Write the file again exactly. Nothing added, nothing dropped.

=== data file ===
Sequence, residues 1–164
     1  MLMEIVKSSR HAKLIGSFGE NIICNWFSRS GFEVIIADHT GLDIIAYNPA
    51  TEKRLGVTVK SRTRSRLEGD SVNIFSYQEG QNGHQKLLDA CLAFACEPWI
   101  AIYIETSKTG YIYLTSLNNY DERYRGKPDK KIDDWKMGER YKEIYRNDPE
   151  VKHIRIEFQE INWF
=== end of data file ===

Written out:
Sequence, residues 1–164
     1  MLMEIVKSSR HAKLIGSFGE NIICNWFSRS GFEVIIADHT GLDIIAYNPA
    51  TEKRLGVTVK SRTRSRLEGD SVNIFSYQEG QNGHQKLLDA CLAFACEPWI
   101  AIYIETSKTG YIYLTSLNNY DERYRGKPDK KIDDWKMGER YKEIYRNDPE
   151  VKHIRIEFQE INWF